Nutritional guarantee. Chris Derks runs about 600 Angus cows on his King City, Mo., cattle operation, and has not a single acre of alfalfa. Harvested forage comes from a 250-acre crop rotation of triticale haylage and forage soybean haylage and 150 acres of sorghum sudan hay. Derks relies on forage testing to make sure he is optimizing the feed ration for his cow–calf herd.

"We've had some surprises—hay we thought was good quality that for whatever reason didn't turn out as good as previous years. But we wouldn't know that without the tests in the first place. When we get the forage test back, then we know what we've got. There is no guesswork. It's very important that we get the right nutrients to our cows at the right time," he says.

Derks says he puts up 3,500 tons of haylage per year in 5'x5' round high-moisture bales for winter feeding.

"Everything we hay we plant every year," he says. "We average 6 to 7 tons per acre of triticale off the ground each year. Forage soybeans average 6 to 8 tons per acre. Pastureland is hard to come by here. What pastureland we have, we save for grazing."

When he receives his forage tests back, the first thing Derks looks for is the level of protein in the sample. "I don't sit down and read each sample, but I utilize my feed and mineral company nutritionist to help me adjust my forage ration. We don't always go by the book recommendations, and doing a forage analysis can save us a lot of money."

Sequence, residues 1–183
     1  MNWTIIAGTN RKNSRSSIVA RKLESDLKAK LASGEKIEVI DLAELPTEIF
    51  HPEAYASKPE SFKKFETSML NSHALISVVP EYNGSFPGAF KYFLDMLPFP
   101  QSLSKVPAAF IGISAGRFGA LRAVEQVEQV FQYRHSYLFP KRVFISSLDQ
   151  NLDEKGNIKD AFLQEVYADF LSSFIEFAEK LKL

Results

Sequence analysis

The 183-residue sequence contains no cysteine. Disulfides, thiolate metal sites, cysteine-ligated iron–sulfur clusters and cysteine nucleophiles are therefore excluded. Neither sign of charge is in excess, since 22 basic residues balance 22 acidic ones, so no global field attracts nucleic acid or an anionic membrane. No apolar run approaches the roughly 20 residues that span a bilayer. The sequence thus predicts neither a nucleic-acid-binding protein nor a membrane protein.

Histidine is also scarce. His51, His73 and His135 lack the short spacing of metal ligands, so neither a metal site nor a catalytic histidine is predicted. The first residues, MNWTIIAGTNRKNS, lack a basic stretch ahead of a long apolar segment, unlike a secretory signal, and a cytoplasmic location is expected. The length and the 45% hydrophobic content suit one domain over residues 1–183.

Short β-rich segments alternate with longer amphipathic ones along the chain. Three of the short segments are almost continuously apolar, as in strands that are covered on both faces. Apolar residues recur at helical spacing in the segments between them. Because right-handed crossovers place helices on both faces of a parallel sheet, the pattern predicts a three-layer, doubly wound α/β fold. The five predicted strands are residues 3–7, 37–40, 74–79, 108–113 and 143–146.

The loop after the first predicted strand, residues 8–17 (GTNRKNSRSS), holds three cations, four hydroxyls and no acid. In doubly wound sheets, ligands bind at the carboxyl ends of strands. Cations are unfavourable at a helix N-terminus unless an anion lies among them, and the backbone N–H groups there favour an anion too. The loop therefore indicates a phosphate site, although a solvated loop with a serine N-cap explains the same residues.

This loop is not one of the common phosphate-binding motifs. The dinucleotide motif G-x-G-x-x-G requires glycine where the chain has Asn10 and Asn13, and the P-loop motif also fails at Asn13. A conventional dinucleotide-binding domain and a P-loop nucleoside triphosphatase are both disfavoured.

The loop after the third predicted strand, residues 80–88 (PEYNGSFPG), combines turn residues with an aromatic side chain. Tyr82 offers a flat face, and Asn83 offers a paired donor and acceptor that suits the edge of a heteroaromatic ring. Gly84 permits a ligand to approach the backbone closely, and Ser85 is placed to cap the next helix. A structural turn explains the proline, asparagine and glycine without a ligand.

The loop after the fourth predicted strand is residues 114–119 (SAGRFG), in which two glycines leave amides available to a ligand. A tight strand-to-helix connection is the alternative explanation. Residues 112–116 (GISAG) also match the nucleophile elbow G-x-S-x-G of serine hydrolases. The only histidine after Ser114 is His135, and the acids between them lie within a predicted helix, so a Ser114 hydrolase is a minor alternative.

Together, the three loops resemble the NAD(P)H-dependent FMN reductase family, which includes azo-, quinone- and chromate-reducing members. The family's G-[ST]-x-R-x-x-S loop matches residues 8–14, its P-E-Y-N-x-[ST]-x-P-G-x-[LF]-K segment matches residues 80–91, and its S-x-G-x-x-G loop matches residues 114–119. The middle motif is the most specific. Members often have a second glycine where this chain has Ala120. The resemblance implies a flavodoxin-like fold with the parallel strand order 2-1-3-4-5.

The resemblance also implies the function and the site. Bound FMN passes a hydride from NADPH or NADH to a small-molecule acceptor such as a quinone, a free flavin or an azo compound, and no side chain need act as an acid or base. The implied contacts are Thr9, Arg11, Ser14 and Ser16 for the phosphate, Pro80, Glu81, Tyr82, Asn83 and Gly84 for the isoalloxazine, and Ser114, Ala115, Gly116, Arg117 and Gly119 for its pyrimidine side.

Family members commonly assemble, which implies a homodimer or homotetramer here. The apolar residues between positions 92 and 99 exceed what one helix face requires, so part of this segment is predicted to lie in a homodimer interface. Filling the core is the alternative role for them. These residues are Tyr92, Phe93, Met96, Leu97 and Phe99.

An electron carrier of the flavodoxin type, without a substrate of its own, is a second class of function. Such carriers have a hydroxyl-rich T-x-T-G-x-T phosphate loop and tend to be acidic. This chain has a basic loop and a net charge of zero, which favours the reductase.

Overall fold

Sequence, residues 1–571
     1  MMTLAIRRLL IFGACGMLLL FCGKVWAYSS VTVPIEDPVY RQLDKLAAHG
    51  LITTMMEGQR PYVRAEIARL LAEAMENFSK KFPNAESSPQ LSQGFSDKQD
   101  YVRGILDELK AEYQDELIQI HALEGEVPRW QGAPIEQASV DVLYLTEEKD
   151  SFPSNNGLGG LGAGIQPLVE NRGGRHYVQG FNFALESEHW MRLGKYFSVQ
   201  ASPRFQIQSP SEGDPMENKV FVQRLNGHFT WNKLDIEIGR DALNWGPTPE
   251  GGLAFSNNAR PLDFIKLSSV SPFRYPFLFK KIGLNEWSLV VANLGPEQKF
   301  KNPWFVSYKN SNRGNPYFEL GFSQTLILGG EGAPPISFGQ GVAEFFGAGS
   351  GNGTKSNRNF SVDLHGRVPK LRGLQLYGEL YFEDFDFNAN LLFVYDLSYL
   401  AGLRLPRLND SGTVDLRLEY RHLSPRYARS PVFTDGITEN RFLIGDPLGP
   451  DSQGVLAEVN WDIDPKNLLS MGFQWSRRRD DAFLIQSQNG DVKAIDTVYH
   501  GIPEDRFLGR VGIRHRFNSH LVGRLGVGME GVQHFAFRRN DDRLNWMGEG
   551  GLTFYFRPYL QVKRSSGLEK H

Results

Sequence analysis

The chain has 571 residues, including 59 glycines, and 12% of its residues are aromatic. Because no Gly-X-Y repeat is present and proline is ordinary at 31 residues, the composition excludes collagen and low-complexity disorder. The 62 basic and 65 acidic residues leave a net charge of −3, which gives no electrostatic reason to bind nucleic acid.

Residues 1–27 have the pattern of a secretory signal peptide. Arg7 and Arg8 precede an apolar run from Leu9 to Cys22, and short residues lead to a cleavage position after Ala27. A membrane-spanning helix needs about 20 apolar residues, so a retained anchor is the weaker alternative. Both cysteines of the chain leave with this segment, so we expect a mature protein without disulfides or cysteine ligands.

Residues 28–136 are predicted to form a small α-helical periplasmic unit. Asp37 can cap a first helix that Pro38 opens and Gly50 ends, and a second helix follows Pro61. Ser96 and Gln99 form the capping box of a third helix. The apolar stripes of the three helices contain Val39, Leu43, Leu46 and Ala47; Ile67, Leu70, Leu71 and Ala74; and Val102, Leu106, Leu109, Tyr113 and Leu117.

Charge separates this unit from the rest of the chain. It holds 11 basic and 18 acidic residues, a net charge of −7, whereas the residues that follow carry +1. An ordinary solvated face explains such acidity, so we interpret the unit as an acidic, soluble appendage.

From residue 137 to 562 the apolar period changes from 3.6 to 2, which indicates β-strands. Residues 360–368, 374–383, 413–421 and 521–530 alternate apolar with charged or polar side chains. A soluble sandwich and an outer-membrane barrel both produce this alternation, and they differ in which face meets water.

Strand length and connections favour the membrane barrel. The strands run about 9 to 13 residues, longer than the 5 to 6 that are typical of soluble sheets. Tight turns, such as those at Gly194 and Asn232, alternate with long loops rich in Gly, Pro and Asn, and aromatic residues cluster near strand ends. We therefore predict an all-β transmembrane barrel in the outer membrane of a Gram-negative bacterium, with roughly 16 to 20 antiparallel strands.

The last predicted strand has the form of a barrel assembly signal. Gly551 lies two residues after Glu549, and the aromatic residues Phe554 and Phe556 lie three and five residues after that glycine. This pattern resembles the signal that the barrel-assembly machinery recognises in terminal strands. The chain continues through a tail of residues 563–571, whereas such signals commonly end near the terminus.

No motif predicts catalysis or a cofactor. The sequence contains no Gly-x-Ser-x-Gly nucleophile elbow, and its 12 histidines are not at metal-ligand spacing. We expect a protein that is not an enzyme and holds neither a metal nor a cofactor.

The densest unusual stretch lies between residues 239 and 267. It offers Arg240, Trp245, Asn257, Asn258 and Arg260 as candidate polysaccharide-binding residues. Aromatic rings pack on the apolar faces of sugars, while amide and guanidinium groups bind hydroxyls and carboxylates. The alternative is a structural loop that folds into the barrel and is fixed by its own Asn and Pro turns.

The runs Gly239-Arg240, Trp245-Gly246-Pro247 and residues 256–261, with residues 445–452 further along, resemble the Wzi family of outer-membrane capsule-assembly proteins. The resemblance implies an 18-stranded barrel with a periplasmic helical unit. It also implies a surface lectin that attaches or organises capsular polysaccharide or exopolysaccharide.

"If we know we have dry, pregnant beef cows in the third stage and our hay supply has 8% protein, with 55% to 54% total digestible nutrients, do we need to feed 5 lb. of corn per head per day? No. We would be wasting our money," Deering says.

"Do we need to supplement with a tub? Probably not. Knowing what you have is going to help you do a better job of managing feed and supplement dollars," he says.

Forage testing allows you to match the forage you have with the animal group that needs it the most, Deering says. If you do supplement, you can pinpoint the right ingredients and precise amounts.

Circumstances can be deceiving, he adds. Hay that was rained on doesn't always equal low crude protein values. "Test forage to truly know what you are feeding."

Test DDGs. For calves, Derks feeds soybean hull pellets and dried distillers' grains, which he tests two or three times a year to ensure quality.

Ki Fanning, nutritionist with Great Plains Livestock Consulting in Eagle, Neb., says to watch plant cycles and coproduct color.

DDGs nutrition content can vary from season to season, as the plant switches from freshly harvested to stored corn, or if the plant is not running at capacity.

If DDGs and gluten pellets are not the yellow color of corn, get an ADIN (acid detergent insoluble nitrogen) test to measure protein damage by the plant's heating process, Fanning says. "Test one load of distillers' grains per week in the first month and one load per month after to build an average basis." BT

To contact Sara Brown, e-mail